Illustrations: Matty Huynh

The Privileged Have Entered Their Escape Pods

Technology gave us the dream of a cocooned future. Now we’re living it.

Douglas Rushkoff
Published in
10 min readSep 1, 2020

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Editor’s note: This piece is a spiritual successor to “Survival of the Richest,” a report about how the wealthy plot to leave us behind after an apocalyptic event.

Many of us don’t like who we have become in this pandemic but feel little freedom to choose otherwise. Officially, we may be wearing our masks to protect others, but it sure does feel appropriate to hide our faces when we’re engaging in so many self-interested, survivalist activities in the light of day — leveraging whatever privilege we may enjoy to stock and equip our homes so they can serve as makeshift bunkers, workplaces, private schools, and hermetically sealed entertainment centers.

Sure, because I’m still being paid as a professor at CUNY (the City University of New York), I donated my government relief check to the local food pantry and am sending a significant portion of my income to friends who can no longer meet their basic expenses. But I also went and spent $500 on a big rubber pool for my daughter and our neighbors’ kids to use as the basis for a makeshift private summer camp. And I’ve seen similar inflatable blue bubbles all over town.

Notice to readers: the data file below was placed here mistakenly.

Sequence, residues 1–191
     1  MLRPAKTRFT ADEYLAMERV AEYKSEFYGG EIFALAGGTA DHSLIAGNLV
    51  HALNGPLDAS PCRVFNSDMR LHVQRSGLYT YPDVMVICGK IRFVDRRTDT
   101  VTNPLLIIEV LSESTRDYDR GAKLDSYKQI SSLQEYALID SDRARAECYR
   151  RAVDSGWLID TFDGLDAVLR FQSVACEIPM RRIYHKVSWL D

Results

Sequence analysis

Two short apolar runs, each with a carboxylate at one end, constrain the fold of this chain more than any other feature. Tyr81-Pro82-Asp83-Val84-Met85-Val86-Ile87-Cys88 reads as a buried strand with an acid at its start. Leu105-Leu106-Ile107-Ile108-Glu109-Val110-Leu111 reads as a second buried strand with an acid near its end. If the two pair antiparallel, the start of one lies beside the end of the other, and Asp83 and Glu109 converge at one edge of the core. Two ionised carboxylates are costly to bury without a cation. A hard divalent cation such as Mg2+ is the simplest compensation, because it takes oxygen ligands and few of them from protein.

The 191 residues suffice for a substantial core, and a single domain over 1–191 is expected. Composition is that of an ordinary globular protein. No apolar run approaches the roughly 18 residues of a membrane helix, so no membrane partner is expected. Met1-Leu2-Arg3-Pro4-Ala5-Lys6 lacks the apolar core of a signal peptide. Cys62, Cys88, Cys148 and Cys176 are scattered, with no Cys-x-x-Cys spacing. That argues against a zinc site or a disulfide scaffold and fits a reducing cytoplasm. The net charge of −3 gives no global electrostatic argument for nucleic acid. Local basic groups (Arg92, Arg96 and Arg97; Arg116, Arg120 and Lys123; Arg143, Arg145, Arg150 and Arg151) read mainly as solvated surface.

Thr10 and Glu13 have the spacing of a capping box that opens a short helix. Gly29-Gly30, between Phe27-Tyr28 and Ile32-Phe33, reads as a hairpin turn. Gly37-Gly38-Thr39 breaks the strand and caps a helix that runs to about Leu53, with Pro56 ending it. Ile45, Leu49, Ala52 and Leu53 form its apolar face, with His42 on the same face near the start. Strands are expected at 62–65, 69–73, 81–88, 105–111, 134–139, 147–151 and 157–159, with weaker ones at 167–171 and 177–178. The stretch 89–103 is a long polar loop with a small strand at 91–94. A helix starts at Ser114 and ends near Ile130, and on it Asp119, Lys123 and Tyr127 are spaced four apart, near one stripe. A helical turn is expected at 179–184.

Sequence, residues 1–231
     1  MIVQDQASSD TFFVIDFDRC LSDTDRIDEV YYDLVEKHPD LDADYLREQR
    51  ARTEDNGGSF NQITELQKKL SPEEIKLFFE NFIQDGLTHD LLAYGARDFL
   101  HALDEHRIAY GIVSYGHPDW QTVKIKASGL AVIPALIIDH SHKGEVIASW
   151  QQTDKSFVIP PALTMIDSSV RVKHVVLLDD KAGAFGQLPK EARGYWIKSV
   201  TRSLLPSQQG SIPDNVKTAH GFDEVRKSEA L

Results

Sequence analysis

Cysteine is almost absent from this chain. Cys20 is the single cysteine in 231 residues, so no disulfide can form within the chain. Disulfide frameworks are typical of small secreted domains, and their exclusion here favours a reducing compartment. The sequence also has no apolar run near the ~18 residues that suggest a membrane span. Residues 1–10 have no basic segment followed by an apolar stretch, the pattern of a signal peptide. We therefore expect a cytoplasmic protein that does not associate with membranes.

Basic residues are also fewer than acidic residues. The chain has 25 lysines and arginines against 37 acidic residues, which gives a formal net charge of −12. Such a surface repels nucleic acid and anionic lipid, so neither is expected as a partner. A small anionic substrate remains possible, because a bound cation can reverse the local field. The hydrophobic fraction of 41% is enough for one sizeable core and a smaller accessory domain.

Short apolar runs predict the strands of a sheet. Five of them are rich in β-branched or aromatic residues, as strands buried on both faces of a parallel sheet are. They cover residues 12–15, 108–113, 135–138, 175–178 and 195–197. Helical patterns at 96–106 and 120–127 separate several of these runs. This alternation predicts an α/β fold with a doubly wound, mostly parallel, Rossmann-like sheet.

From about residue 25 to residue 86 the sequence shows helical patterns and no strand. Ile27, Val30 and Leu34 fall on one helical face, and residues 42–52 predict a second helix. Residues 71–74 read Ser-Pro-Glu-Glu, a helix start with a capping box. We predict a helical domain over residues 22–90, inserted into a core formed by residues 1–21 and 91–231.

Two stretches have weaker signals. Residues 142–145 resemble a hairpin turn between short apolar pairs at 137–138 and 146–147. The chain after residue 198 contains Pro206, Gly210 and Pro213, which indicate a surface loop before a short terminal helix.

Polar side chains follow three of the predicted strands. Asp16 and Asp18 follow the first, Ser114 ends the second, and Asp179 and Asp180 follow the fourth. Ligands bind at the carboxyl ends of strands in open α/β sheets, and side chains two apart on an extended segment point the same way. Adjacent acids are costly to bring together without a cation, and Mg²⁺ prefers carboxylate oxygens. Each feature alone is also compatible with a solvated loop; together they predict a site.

“Don’t tell anyone,” one of my neighbors told me when he came over to borrow some chlorine tablets, “but we’re thinking to ride this whole thing out in Zurich, where the numbers are better.” His wife still has her European passport, and they both have jobs that can be done entirely remotely. They’d be joining scores of people I know — not millionaires, but writers and marketers and consultants and web developers — who are resettling in Canada or Europe on the logic that their kids shouldn’t be sacrificed to their progressive parents’ sense of shame about escaping.

When I challenge him on the ethics of bailing, he snaps back, “At least the elementary school will have two less bodies to space at six-foot intervals. I’m doing you a favor.” He can’t resist showing me the photo on his phone from the rental site. It was a gorgeous, solar-powered cabin on a remote hillside with the headline “Luxury Eco-Lodge.” He smiled. “I always wanted the kids to get a Waldorf education, and now they even have an online option.”

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Douglas Rushkoff
OneZero

Author of Survival of the Richest, Team Human, Program or Be Programmed, and host of the Team Human podcast http://teamhuman.fm